• Newsletter

  • This blog is written by specialists from the Education Division of the Inter-American Development Bank. Its objective is to provide arguments and ideas that will spark debate about how to transform education in Latin America and the Caribbean. This blog is a call to action for the reader. An idea, a project, or a question can make a difference.

    Educating Haiti


    Las opiniones expresadas en este blog son las del autor y no necesariamente reflejan las opiniones del Banco Interamericano de Desarrollo, sus directivas, la Asamblea de Gobernadores o sus países miembros.

    The views expressed in this blog are those of the author and do not necessarily reflect the views of the Inter-American Development Bank, its Management, its Board of Executive Directors or its member Governments.

    The Nitty Gritty of Grit

    By - 12 Dec 2013


    Good high school students usually go on to be good college students. But the relationship isn’t perfect. Just being academically prepared isn’t good enough. Research has shown that some kids who persist in college are not necessarily the ones who excelled in high school. Those who persist are resilient, socially agile and emotionally secure – they can pick up and move on after bad news, bad grades or other difficult moments, ask for help when needed, and resist negative peer pressures. Such traits by themselves won’t make kids successful in school but, when combined with sound academic preparation, they are indispensable.

    Particularly for kids who don’t have the safety nets that come with the privileges of class and wealth.

    What puts these kids over the top is grit.

    At its most basic, grit is a character trait that gives kids the umph they need to get the job done, go the extra mile, or stick it out when all the odds are stacked against them. Embedded in it are socio-emotional skills, like motivation, perseverance, responsibility, self-awareness, all of which can be taught and learned, practiced, honed, and applied.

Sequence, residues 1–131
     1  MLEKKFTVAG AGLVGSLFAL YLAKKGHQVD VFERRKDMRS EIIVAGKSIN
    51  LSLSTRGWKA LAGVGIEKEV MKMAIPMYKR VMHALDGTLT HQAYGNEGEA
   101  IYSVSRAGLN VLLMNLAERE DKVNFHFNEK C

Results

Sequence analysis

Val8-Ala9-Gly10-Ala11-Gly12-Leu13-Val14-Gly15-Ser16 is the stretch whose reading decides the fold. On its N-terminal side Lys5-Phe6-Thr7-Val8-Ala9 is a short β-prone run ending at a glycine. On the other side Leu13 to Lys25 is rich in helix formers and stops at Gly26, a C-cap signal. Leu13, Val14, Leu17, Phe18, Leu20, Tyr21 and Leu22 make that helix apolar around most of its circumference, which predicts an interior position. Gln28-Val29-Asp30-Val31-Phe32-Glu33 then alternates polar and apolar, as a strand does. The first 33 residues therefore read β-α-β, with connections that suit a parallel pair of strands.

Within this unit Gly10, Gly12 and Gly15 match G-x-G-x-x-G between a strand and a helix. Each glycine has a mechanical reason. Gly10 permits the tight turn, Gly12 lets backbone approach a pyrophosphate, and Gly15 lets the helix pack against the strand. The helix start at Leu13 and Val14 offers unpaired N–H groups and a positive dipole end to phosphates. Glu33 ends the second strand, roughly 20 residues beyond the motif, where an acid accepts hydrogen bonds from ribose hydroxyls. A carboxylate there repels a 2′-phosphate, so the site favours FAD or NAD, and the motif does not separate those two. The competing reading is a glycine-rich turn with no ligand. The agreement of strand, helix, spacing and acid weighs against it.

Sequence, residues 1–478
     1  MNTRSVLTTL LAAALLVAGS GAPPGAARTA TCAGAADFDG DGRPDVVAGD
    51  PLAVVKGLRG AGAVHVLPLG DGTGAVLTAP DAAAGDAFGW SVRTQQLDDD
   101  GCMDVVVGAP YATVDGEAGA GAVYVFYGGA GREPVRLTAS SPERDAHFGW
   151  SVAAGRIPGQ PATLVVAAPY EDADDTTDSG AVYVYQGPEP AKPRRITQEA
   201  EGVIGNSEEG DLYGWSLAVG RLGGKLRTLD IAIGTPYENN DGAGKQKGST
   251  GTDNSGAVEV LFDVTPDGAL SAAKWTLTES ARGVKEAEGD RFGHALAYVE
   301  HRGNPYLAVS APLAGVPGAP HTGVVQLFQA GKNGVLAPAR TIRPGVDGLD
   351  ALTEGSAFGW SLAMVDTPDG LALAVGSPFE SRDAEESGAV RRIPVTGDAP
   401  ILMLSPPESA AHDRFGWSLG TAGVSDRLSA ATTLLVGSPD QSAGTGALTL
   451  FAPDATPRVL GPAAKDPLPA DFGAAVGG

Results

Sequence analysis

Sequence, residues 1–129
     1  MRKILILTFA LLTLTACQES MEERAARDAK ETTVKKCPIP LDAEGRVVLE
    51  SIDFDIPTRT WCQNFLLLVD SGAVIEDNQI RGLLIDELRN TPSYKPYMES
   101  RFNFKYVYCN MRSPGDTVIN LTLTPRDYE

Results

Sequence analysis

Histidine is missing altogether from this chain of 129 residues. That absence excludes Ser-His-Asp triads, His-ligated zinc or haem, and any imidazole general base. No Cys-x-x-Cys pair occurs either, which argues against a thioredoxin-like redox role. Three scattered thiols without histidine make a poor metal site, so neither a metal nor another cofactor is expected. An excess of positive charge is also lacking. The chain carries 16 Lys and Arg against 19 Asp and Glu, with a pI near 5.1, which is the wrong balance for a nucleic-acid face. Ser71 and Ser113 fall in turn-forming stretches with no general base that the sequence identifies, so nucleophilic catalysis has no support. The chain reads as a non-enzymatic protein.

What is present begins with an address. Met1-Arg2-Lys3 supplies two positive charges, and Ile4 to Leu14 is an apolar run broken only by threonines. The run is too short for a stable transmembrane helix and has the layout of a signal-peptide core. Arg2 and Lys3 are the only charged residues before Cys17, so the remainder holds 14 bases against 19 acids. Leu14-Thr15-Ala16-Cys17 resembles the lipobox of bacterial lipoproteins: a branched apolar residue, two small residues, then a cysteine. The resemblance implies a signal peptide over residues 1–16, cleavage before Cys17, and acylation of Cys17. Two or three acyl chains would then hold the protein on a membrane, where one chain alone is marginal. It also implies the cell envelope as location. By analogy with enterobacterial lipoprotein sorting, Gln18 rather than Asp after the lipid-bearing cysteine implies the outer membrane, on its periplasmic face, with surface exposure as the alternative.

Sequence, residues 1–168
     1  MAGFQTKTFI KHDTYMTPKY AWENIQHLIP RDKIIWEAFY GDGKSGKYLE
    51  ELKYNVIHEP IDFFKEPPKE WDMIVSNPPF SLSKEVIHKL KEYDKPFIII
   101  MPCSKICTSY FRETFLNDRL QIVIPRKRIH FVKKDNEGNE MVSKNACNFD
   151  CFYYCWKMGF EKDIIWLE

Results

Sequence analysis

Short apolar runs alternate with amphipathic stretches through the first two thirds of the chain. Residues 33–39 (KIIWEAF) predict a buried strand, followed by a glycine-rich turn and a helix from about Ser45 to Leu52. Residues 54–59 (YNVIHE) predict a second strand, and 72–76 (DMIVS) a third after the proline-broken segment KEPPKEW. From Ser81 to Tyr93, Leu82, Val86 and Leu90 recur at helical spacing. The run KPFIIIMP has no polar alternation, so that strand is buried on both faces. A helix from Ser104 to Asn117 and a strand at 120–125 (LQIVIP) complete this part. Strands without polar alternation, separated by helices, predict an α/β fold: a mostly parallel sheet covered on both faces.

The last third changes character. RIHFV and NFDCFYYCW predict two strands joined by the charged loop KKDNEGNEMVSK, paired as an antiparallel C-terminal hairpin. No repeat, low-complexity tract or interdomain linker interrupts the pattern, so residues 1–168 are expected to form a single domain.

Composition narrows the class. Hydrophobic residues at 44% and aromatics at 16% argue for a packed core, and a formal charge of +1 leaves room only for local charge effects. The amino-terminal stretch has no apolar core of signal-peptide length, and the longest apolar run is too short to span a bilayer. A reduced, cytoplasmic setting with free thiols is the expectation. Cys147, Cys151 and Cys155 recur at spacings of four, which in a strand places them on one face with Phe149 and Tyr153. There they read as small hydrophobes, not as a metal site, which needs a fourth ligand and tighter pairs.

Grit equips people to pursue particularly challenging goals over years and decades. It is different than self-control, which operates at a lower timescale to battle hourly temptations and cravings which bring pleasure in the moment followed by immediate regret (see more: here). Measured on a straight forward, easy to score 12 point scale (see more: here), grit reliably predicts who prevails when the going gets tough, whether tough is surviving grueling cadet induction at West Point, making it to the final round of a spelling bee, or being the first in your family to graduate from college.

    Grit is universal. It obeys no credence, ideology or moral or ethical barrier. In practice, however, attempts to teach and define it often collide with such constraints. Grit falls hostage to political and/or religious persuasions of character, values, virtues or any other myriad attribute that categorically defines your essence: good-bad, strong-weak, deserving-not, and so on.

    In helping kids acquire the grit they need to be successful, it is important to be future-oriented but grounded in reality. Getting where you want to be down the line is never a straight and narrow path. Obstacles come in all shapes and sizes. Kids must be able to see them and create strategies for overcoming them.

    Creating a set of personalized if-then rules to guide them when trouble lurks can help: if I do my homework, then I can watch TV. In doing this, we engage the prefrontal cortex of the brain – exactly that area that works against reflexive and appetite-driven parts of the brain. Seen in this light, the ideological baggage disappears. Virtues are nothing more than simple habits, and “good”– goal-enhancing – responses become the default option.

    Comment on the post